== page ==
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23-01-2020, 11:38   #13
Cuddlesworth
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Quote:
Originally Posted by Sweet.Science View Post
[/B]

Why is this ?
Some of the ones I have seen.

Owners do a deal with the bank, they put the house up as part of a repo deal but no intention of selling. You might find the estate agent knows this or copped it at some point. Bank doesn't follow up for years.

House is the product of divorce or a split between owners. Goes up but the person living there doesn't want to sell, so keeps denying the sale, rejecting bids or making things difficult overall.

Owners have just decided they will only accept price x because the estate agent said it during a valuation. House goes up, no interest, estate agent releases the price was off, owners refuse to accept reality.

House goes up for sale, owner wants to move. Heads out to the market themselves, sees what they can get for their money(usually downsizing), realizes there is nothing there for them, house eventually goes back off the market.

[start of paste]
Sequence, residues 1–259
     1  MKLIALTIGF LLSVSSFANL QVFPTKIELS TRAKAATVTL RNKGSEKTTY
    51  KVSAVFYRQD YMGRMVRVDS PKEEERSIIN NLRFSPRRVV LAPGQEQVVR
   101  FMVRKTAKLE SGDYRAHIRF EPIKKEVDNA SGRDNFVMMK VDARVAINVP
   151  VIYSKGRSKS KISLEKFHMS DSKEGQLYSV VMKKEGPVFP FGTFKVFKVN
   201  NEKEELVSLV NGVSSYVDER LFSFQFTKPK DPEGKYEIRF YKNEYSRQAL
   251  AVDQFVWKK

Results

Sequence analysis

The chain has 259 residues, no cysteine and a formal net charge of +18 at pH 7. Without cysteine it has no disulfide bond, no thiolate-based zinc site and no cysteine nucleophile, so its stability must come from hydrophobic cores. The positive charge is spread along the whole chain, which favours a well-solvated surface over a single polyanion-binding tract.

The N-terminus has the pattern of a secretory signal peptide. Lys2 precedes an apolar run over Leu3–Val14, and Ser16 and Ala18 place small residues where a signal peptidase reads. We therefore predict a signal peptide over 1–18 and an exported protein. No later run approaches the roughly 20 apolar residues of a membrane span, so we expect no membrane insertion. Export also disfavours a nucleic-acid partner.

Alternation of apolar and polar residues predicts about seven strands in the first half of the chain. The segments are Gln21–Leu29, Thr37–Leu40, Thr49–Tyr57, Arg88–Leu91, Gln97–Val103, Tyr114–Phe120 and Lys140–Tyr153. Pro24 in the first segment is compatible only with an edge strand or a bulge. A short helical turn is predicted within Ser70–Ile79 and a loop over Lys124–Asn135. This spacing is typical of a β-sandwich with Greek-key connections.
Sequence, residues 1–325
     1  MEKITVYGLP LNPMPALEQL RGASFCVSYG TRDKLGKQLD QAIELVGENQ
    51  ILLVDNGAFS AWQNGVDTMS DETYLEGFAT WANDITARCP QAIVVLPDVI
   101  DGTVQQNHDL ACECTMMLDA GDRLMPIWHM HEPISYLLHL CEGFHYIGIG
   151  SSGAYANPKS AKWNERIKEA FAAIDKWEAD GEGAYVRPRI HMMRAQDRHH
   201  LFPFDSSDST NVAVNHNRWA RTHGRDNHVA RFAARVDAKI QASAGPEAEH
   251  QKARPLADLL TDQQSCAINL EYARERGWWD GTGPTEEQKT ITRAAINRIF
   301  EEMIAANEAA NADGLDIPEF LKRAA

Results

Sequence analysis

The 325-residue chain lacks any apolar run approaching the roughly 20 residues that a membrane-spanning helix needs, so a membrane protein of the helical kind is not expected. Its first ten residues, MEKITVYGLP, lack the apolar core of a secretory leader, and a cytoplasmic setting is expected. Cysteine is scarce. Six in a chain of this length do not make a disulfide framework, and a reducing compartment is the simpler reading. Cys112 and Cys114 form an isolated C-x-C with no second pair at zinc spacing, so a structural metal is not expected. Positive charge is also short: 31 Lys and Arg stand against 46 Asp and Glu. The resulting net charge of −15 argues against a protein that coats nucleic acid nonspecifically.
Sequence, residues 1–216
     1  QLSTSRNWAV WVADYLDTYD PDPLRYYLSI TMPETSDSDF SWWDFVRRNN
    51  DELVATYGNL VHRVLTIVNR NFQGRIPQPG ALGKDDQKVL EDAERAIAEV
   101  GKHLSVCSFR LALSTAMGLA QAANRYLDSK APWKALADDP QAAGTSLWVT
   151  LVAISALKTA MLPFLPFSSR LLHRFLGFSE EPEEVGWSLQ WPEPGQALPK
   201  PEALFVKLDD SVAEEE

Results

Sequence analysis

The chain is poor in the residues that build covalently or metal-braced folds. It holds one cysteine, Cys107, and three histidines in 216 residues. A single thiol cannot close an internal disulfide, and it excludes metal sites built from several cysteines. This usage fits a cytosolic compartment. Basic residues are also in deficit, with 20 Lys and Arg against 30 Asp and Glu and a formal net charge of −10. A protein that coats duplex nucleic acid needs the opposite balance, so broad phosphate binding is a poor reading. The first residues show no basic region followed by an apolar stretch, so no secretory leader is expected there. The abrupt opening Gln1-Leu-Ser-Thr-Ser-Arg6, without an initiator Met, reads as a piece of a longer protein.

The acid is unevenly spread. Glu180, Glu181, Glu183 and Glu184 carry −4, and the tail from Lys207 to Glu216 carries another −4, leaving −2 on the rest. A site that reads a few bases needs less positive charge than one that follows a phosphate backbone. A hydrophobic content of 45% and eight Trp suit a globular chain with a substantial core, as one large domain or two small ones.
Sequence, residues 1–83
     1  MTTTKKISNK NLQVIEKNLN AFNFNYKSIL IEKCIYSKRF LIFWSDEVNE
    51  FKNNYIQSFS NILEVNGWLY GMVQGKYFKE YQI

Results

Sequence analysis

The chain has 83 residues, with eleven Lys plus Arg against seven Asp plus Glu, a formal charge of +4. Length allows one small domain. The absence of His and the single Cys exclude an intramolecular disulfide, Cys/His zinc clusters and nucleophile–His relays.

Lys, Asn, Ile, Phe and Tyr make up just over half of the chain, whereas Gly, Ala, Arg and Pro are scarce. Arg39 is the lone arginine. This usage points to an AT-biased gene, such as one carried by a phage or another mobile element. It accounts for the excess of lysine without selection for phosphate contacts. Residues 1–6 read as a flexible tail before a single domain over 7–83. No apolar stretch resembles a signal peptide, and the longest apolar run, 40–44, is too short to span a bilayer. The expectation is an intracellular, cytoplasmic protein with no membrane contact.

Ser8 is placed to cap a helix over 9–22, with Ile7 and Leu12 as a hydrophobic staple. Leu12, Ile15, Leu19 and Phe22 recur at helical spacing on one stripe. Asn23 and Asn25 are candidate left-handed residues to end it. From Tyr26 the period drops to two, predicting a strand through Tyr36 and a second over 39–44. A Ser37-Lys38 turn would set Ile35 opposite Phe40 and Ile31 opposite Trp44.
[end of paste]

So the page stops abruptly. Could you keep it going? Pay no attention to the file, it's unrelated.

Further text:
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23-01-2020, 15:41   #14
fago
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As someone who has sold and almost bought in last 12 months, it's a question of how motivated the seller and vendor are to meet in the middle/above/below.

In selling our house we priced it fairly. Our first offer was 5% below but we took it as it freed the equity we needed for the next one.

When buying it depends. Experiences of 2nd hand market:
- House 1: very popular area, lots of interest goes for 10% above, way above the market value post 150K in renovations.
- House 2: Landlord has a price in mind, happy enough to sell at that but won't reduce as they can easily rent it out to 6 x tenants without the sunken cost of renovation. House stays on market and sells for asking after a while.
- House 3-N: fixer upper with lots to do comes on market, offer near asking accepted, month passes, purchaser discovers renovation will cost that much, back on market. Repeat
- Executor sale, unusual house/less popular location, needs full refit. Vendor has inflated view of value, ends up sale agreed at 15% below
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23-01-2020, 17:37   #15
Dav010
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Never underestimate how much value people can put on their family home, particularly one which is debt free. I suspect most of those who price high and refuse to negotiate are in no rush to sell because they have no financial reason to take a lower offer. Which is fair enough, they can afford to wait for the right offer.

I recently sold a very nice 4 bed which had been let for 15 years. It was priced at the amount paid for a house in the same estate recently, and sold pretty quickly.